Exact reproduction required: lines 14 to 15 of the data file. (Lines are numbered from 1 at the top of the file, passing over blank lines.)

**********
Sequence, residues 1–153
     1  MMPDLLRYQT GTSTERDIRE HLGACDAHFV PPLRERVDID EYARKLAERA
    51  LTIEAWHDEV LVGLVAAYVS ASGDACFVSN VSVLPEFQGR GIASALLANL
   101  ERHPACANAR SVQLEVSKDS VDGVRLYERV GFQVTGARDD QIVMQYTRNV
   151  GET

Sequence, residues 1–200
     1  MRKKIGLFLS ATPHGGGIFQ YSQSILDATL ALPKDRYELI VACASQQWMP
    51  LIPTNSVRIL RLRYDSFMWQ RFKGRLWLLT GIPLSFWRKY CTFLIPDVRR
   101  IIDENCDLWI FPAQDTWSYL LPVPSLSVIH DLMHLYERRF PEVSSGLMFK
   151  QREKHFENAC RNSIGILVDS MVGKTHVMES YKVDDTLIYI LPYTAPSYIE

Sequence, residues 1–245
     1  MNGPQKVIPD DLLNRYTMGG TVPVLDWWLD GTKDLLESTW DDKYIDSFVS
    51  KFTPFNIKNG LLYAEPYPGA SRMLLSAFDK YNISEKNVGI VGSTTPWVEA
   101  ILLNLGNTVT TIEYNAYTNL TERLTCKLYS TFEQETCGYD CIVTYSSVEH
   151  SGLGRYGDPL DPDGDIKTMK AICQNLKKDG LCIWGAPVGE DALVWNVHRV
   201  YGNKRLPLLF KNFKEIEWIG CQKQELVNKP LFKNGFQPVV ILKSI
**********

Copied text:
   101  ILLNLGNTVT TIEYNAYTNL TERLTCKLYS TFEQETCGYD CIVTYSSVEH
   151  SGLGRYGDPL DPDGDIKTMK AICQNLKKDG LCIWGAPVGE DALVWNVHRV